The quantity and fatty acid composition of both visible fat and fat from all other foods (invisible fats) contribute to the intake of various fatty acids in the total diet. The data on fatty acid intake in Indian adults determined by taking into account the contribution of various fatty acids from all foods (invisible fat) and either 20g or 50g visible fats ( in diets of either rural or urban population respectively) shows that a complete dependence on just one vegetable oil does not ensure the recommended intake of fatty acids for optimal health and prevention of DR-NCD (6.23, 6.27). Therefore, to ensure optimal fat quality, the use of correct combination of vegetable oils (table 6.5) is recommended (6.23, 6.27). A long term ‘in home‘ study with oil combinations (which increase ALA) showed improvement of LC n-3 PUFA nutritional status in adults (6.33).  The types of visible fat to be preferred for different food applications are summarized in Table 6.5




b) Quality of total fat from dietary components other than visible fats

The recommendations to ensure fat quality from foods other than visible fats (fats present as integral component of foods and ‘hidden‘ fats from processed foods etc) are given in tables 6.6 and 6.7. Inclusion of LCn-3 PUFAs in diets is recommended for the prevention of DR-NCD and life-long health and well being. However, individuals/populations who, for various reasons, do not prefer to eat fish and other sea foods should ensure higher intake of ALA (table 6.7). Another alternative is to consume either fish oils or algal oils.

Nutritional requirements of carbohydrates

There are two types of carbohydrates - starchy (complex) carbohydrates and simple sugars. The simple sugar's are found in confectionery, muesli bars, cakes and biscuits, cereals, puddings, soft drinks and juices and jam and honey but they also contain fat. Starchy carbohydrates are found in potatoes, rice, bread, wholegrain cereals, semi skimmed milk, yoghurt, fruit, vegetables, beans and pulses. Both types effectively replace muscle glycogen. The starchy carbohydrates are the ones that have all the vitamins and minerals in them as well as protein. They are also low in fat as long as you do not slap on loads of butter and fatty sauces. The starchy foods are much more bulky so there can be a problem in actually eating that amount of food so supplementing with simple sugar alternatives is necessary. 

Your digestive system converts the carbohydrates in food into glucose, a form of sugar carried in the blood and transported to cells for energy. The glucose, in turn, is broken down into carbon dioxide and water. Any glucose not used by the cells is converted into glycogen - another form of carbohydrate that is stored in the muscles and liver. However, the body's glycogen capacity is limited to about 350 grams; once this maximum has been reached, any excess glucose is quickly converted into fat. Base your main meal with the bulk on your plate filled with carbohydrates and small amounts of protein such as meat, poultry and fish. The extra protein & vitamins you may require will be in the starchy carbohydrates.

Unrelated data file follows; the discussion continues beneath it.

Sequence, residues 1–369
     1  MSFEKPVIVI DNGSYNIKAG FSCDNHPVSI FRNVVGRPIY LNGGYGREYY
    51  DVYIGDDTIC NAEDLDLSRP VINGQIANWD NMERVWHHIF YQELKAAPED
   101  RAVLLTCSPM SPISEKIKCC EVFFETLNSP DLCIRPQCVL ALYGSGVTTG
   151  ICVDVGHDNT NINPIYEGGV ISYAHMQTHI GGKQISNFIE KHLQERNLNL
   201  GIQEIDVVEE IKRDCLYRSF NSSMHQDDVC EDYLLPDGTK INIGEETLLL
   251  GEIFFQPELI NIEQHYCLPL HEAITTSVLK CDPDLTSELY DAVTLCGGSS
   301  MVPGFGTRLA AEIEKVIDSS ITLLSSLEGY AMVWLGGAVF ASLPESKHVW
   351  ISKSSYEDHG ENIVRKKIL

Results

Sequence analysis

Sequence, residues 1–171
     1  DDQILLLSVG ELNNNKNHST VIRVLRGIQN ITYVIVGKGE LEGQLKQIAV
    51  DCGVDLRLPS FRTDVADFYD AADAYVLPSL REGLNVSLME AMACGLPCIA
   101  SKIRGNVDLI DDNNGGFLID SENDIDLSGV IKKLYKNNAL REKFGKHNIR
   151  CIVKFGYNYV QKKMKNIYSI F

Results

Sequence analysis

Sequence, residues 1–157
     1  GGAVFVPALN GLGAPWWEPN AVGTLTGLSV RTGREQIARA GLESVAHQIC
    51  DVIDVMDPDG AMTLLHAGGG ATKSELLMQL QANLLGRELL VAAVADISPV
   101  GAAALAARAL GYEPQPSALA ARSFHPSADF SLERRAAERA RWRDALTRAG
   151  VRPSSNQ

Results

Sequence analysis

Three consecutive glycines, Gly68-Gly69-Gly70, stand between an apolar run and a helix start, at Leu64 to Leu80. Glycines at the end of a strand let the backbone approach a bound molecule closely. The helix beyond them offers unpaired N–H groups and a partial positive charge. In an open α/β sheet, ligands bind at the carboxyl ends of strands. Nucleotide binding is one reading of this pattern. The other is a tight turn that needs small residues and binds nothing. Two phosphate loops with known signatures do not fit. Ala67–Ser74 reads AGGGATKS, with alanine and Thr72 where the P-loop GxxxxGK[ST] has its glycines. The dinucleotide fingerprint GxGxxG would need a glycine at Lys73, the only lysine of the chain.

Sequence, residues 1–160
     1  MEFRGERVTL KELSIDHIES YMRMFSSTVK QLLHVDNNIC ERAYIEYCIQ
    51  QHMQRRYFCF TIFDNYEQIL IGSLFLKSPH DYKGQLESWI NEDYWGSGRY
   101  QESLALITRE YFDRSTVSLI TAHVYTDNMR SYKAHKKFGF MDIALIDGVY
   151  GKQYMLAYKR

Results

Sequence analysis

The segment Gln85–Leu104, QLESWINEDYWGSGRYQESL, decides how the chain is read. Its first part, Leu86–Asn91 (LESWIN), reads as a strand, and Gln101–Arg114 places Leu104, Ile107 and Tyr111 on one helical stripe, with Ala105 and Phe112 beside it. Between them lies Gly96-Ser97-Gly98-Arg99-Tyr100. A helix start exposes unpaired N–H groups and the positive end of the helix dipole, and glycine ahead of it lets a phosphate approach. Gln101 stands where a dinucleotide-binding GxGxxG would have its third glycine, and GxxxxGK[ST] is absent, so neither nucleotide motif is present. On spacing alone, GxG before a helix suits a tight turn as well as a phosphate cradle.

Carbohydrates are one of the four major classes of biomolecules and play several important roles in all life forms, including:

sources of metabolic fuels and energy stores

structural components of cell walls in plants and of the exoskeleton of arthropods

parts of RNA and DNA in which ribose and deoxyribose, respectively, are linked by N-glycosidic bonds to purine and pyrimidine bases

integral features of many proteins and lipids (glycoproteins and glycolipids), especially in cell membranes where they are essential for cell–cell recognition and molecular targeting.


Carbohydrates are very diverse molecules that can be classified by their molecular size (degree of polymerization or DP) into sugars (DP 1–2), oligosaccharides (DP 3–9), and polysaccharides (DP > 9). The physicochemical properties of carbohydrates and their fates within the body are also influenced by their monosaccharide composition and the type of linkage between sugar residues. From birth, carbohydrate provides a large part of the energy in human diets, with approximately 40% of the energy in mature breast milk being supplied as lactose. After weaning, carbohydrates are the largest source (40–80%) of the energy in many human diets, with most of this derived from plant material except when milk or milk products containing lactose are consumed. The carbohydrate contents of some vegetable dishes are summarized in Table 5.2.